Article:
As time went on, gardens became plantations for more than just food production, for example cotton production, and apples became a major industry in North America. European fruits and vegetables dominated the new world in an exchange known as the Columbian exchange. According to the documentary America Before Columbus, the potato was first introduced in Spain from the Americas during the 1600's but it's cultivation and use has now spread to Italy, Northern/Eastern Europe, Austria, Poland, France, Switzerland, England, Ireland and Germany. Since the Irish had a limited amount of food available to them as a result of war, they quickly adopted the potato and one hundred years later the Irish population had more than doubled. Towns, like Berlin, grew into large cities and by the 1700’s the European population had exploded, all because of the introduction of the potato during the Columbian Exchange.
After the War of 1812, workplaces all over the United States diversified. Factories came to see more free African Americans, Germans, Irishmen, and other nationalities working within them. Plantations welcomed Irishmen displaced by the potato famine and some free men that were willing to work alongside the plantation. To be able to accommodate a growing population and to diversify its resources, America began expanding west. Settlers in the west came once again into contact with Native American groups that in a way became reliant on and even part of the Western
During the late 19th century and early 20th century there were many rumors that America was the “land of opportunity”. Millions of people emigrated from Europe and Asia to America. However, the Chinese were banned from entering the country in 1882 due to the Chinese Exclusion Act. There was a difference between the old immigrants and the new immigrants. Old immigrants came from northern or western Europe, they assimilated quickly, they were Protestant, and they arrived with some money.
Because the potato is a tuber, and therefor grows under-ground, it could be cultivated in the inhospitable lands of northern Europe and Asia. It quickly became the food of soldiers, industrial workers,
Immigration and The American Dream Immigrants from the mid 19th century and early 20th century consisted of mainly Southern and Eastern Europe, Asia, and elsewhere. Immigrants motivations, experiences, and impacts shaped what an immigrant had to go through being a different person from another country. Although Americans dislike foreigners who came to the United States, immigrants had a role in political, economic, cultural, and social aspects of immigrants because of their motivations, experiences, and impacts in America. New Immigrants did not have it easy and went through obstacles natives, political figures, bosses and others had thrown at them.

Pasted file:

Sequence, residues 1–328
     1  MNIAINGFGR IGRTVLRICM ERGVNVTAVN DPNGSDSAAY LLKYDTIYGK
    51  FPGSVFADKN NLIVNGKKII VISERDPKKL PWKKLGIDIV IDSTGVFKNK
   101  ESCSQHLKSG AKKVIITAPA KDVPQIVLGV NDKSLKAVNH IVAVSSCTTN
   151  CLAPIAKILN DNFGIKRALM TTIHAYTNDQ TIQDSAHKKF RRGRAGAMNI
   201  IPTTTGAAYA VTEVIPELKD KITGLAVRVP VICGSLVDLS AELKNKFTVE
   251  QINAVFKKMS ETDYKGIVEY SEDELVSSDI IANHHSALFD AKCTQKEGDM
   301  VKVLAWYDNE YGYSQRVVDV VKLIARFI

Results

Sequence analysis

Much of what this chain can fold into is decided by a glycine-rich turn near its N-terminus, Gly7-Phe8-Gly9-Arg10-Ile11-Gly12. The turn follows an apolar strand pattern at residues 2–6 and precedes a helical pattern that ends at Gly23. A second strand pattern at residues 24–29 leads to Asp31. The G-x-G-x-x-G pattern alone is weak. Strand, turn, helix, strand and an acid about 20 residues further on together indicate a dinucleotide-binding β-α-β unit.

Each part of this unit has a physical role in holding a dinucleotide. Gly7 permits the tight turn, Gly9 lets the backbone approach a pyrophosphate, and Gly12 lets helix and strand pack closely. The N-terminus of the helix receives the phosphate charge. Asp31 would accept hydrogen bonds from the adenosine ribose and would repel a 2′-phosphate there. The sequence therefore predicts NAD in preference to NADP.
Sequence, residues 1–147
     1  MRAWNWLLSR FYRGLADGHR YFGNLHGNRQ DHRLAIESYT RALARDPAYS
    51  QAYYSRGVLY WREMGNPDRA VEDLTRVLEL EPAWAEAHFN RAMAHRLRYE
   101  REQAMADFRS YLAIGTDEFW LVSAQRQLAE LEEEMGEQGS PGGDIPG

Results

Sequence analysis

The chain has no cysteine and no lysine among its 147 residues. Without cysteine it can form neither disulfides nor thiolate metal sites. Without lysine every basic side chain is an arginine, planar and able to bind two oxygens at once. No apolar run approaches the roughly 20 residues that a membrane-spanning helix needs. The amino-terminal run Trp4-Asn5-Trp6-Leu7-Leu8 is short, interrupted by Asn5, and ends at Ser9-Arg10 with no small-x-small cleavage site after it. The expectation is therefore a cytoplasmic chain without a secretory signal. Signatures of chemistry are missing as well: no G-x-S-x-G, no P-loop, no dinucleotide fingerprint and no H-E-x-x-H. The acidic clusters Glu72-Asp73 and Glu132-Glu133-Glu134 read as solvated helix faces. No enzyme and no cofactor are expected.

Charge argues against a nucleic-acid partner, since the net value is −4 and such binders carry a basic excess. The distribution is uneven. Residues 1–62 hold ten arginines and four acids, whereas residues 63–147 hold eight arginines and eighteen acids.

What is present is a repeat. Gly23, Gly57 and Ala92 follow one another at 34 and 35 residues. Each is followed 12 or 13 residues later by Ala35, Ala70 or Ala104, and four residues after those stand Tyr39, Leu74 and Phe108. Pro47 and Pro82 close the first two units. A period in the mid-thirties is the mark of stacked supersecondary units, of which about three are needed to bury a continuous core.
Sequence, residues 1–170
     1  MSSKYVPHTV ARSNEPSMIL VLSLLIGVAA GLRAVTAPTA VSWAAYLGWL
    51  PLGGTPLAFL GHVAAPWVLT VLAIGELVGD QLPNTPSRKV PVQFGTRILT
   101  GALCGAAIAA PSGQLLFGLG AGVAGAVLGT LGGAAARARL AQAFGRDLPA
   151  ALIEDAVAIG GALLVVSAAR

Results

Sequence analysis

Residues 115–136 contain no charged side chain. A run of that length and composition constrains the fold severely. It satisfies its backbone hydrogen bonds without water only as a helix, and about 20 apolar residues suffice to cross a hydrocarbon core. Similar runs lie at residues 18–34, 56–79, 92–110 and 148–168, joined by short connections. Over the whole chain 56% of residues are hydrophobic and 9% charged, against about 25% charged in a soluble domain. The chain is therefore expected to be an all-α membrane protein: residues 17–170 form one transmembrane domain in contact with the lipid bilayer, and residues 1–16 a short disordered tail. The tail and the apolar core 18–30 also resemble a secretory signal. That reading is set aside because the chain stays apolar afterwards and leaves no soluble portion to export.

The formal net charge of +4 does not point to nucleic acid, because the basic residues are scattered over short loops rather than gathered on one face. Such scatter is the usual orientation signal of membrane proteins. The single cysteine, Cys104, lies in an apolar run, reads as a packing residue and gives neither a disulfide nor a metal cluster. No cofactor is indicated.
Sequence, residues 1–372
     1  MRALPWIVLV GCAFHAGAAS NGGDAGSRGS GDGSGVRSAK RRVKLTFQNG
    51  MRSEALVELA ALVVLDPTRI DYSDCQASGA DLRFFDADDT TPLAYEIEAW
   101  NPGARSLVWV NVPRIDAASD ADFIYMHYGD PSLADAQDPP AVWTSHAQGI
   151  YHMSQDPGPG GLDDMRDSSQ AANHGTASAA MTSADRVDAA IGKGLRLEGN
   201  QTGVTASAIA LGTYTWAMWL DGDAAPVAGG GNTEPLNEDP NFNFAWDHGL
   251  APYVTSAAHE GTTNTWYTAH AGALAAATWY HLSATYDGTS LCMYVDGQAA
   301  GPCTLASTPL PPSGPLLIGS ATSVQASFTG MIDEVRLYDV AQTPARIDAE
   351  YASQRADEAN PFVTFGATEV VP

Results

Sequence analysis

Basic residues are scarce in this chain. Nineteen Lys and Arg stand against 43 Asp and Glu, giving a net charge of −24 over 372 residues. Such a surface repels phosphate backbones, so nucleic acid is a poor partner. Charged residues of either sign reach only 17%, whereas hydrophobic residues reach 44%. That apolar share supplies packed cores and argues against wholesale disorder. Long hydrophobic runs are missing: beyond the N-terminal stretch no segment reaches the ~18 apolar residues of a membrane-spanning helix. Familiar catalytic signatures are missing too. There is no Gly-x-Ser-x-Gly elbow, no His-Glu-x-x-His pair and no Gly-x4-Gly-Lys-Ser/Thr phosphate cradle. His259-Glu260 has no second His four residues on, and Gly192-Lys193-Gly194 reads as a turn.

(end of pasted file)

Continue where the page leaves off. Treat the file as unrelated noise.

The period known as Starving Time took place during the winter of 1609-1610. About 440 people died because the colonists were so blinded by the opportunity to get rich that they failed to prepare for the tough challenges of new land. When they arrived in Jamestown all they wanted was natural riches such as gold, because of their greediness the settlers didn’t consider how to run a successful colony. From Travels and Works of Captain John Smith, he wrote. “We starved because we did not plan well, work hard, or have good government.”
Without crops, farmers lost valuable money, leaving them with two choices, to move away in order to make a living, or continue to lose money. “60 percent of the population moved from the western area... due to the drought that was killing cattle and ruining crops”(History.com). They had “set up the region for ecological disaster” (History.com) and could no longer live in the area. John Steinbeck wrote in his 1939 novel